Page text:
Heart Failure: Diagnosis, Prevention and Management, Treatments and Medications, and Surgery.

 

 

This is the last piece in this three-part article on Heart Failure, Heart Attack and Cardiac Arrest. Our readers would have noticed that we streamlined the part two and three to Heart failure to enable us deal with specifics and also allow the readers to glean as much information as possible to help make better choices, understand the topic or help those in need of information like the one discussed in the articles. We hope the initial articles were helpful and allowed you gain a little more knowledge on the important topic reviewed.

This is the third of the three-part article.

Keeping with the theme of the original articles, this is going to be succinct and straight to the topic to be discussed. We will exclusively use these explanations as compiled by Christian Nordqvist with additional information in other places. These are easily understandable points that could help our lifestyle and how well we can also be of help to those who suffer from any heart ailment.

Here we go.

Diagnosis

Most people will initially see their doctor if they have symptoms. The doctor will discuss the symptoms with the patient. If the doctor suspects heart failure, he will recommend further tests, these may include:

Blood and urine tests – these will check the patient’s blood count and liver, thyroid, and kidney function. The doctor may also want to check the blood for specific chemical markers of heart failure.

Chest X-ray – an X-ray will show whether the heart is enlarged. It will also show whether there is fluid in the lungs.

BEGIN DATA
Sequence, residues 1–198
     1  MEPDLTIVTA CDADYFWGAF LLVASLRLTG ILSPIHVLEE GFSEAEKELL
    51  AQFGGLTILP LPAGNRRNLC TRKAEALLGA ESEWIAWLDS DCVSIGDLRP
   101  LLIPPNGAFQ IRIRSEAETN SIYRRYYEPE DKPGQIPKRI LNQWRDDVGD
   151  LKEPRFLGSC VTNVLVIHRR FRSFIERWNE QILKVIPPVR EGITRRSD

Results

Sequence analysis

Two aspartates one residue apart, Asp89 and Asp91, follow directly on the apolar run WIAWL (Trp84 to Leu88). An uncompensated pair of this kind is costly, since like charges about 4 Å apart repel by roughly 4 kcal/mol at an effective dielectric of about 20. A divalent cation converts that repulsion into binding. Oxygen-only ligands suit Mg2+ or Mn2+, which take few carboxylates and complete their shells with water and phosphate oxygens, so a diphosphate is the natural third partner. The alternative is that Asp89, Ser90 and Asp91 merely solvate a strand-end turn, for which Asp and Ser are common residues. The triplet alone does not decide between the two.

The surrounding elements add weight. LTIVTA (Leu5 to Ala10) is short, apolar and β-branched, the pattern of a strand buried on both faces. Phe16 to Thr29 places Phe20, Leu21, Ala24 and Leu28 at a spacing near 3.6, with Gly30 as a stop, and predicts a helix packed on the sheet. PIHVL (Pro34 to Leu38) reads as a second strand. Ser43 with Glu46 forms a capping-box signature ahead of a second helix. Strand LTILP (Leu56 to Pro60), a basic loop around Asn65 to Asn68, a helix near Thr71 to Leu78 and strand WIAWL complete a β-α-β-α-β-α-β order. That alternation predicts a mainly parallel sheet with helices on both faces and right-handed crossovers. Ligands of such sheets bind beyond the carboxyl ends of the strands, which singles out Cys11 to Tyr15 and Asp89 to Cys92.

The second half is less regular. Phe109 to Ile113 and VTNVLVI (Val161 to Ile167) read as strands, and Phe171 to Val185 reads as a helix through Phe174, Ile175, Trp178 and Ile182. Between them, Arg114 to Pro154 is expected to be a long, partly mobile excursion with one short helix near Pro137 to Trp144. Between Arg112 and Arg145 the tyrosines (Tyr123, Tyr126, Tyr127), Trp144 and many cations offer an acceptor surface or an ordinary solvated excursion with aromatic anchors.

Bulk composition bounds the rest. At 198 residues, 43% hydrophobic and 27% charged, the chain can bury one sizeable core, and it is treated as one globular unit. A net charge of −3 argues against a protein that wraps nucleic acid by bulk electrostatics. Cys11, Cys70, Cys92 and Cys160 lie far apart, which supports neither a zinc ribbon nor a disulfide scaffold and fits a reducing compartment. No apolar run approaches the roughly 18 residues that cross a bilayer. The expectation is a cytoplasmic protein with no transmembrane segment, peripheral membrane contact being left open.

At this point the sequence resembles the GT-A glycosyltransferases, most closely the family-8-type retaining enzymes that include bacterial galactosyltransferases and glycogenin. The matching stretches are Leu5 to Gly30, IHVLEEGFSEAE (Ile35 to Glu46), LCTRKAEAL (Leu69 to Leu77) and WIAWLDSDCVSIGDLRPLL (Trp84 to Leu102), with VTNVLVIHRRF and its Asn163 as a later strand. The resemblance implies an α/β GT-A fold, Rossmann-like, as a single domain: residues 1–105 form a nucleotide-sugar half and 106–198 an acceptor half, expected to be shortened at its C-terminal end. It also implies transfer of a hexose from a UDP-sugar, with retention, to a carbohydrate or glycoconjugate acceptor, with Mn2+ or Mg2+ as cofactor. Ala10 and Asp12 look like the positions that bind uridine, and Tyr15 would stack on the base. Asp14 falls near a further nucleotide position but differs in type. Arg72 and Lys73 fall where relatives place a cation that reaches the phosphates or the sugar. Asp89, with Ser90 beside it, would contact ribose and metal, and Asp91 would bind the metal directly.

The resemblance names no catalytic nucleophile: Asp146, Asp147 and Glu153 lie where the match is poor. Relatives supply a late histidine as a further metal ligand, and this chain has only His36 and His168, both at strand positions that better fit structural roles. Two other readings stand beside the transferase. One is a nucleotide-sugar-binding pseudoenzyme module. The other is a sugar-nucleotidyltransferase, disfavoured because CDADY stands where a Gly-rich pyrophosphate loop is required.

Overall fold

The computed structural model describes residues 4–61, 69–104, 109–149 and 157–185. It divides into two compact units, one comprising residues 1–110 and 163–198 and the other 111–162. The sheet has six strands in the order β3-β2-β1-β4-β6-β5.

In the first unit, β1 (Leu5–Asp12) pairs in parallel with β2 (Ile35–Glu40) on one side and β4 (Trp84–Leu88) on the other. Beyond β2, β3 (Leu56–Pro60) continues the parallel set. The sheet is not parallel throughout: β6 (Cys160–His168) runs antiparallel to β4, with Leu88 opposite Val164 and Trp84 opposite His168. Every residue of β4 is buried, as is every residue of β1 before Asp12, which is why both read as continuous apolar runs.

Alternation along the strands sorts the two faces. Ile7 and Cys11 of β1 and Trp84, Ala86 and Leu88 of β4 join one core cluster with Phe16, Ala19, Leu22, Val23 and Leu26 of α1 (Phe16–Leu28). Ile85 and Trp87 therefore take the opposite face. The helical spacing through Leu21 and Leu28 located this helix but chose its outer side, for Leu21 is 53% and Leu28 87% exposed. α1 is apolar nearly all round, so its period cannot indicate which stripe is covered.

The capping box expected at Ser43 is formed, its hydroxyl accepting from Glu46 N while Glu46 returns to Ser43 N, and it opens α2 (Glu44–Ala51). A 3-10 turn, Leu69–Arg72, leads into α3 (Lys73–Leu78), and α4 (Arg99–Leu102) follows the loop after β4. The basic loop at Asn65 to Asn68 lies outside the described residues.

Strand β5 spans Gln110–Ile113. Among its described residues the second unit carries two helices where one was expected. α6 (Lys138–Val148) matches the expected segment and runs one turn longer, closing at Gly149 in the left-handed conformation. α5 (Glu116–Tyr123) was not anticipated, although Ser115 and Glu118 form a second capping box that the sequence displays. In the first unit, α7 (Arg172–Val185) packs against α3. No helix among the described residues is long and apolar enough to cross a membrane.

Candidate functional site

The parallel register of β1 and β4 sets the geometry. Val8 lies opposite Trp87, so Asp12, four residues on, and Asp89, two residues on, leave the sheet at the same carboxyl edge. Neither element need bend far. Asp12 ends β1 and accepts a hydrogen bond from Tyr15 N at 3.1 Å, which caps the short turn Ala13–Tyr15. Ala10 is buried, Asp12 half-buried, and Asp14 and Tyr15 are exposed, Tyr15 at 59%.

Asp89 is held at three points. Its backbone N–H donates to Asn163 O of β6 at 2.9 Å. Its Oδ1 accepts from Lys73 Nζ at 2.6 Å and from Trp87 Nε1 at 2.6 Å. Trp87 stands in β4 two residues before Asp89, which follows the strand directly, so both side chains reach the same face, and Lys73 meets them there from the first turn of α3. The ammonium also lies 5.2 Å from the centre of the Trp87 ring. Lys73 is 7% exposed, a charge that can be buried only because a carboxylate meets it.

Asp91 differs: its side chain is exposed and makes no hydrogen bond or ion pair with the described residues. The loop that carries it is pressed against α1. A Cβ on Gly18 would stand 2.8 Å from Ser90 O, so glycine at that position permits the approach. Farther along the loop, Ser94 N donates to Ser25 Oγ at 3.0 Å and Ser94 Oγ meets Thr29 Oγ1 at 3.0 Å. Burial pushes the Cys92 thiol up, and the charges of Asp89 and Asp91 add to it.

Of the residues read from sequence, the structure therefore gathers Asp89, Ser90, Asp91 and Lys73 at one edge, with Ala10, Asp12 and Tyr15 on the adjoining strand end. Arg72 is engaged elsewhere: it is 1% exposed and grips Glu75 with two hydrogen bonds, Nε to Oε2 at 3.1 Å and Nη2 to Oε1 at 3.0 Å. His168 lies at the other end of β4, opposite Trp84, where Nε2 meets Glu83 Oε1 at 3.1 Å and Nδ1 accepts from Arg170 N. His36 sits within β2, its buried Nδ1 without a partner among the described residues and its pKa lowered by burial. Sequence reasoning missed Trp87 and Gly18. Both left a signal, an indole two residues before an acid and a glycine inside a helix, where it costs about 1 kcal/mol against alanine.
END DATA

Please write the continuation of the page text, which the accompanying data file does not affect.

An ECG (electrocardiogram) – this device records the electrical activity and rhythms of the patient’s heart. The test may also reveal any damage to the heart from a heart attack. Heart attacks are often the underlying cause of heart failure.

An echocardiogram – this is an ultrasound scan that checks the pumping action of the patient’s heart. The doctor measures the percentage of blood pumped out of the patient’s left ventricle (the main pumping chamber) with each heartbeat – this measurement is called the ejection fraction.

The doctor may also carry out the following additional tests:

Stress test – the aim here is to stress the heart and study it. The patient may have to use a treadmill or exercise machine or take a medication that stresses the heart.

Cardiac MRI (magnetic resonance imaging) or CT (computed tomography) scan – they can measure ejection fraction as well as the heart arteries and valves. They can also determine whether the patient had a heart attack.

B-type natriuretic peptide (BNP) blood test – BNP is released into the blood if the heart is overfilled and struggling to function properly.

Angiogram (coronary catheterization) – a catheter (thin, flexible tube) is introduced into a blood vessel until it goes through the aorta into the patient’s coronary arteries. The catheter usually enters the body at the groin or arm. A dye is injected through the catheter into the arteries. This dye stands out on an X-ray and helps doctors detect coronary artery disease (arteries to the heart that have narrowed) – another cause of heart failure.

 

Prevention and management

Giving up smoking is a way to reduce the likelihood of heart failure or slow its progression.

There are many lifestyle changes that reduce the chances of developing heart failure, or at least slow down its progression. These include:

  • Give up smoking.
  • Eat sensibly, this includes plenty of fruit and vegetable, good quality fats, unrefinedcarbohydrates, whole grains, and the right number of daily
  • Exercise regularly and stay physically active (check with your doctor).
  • Keepblood pressure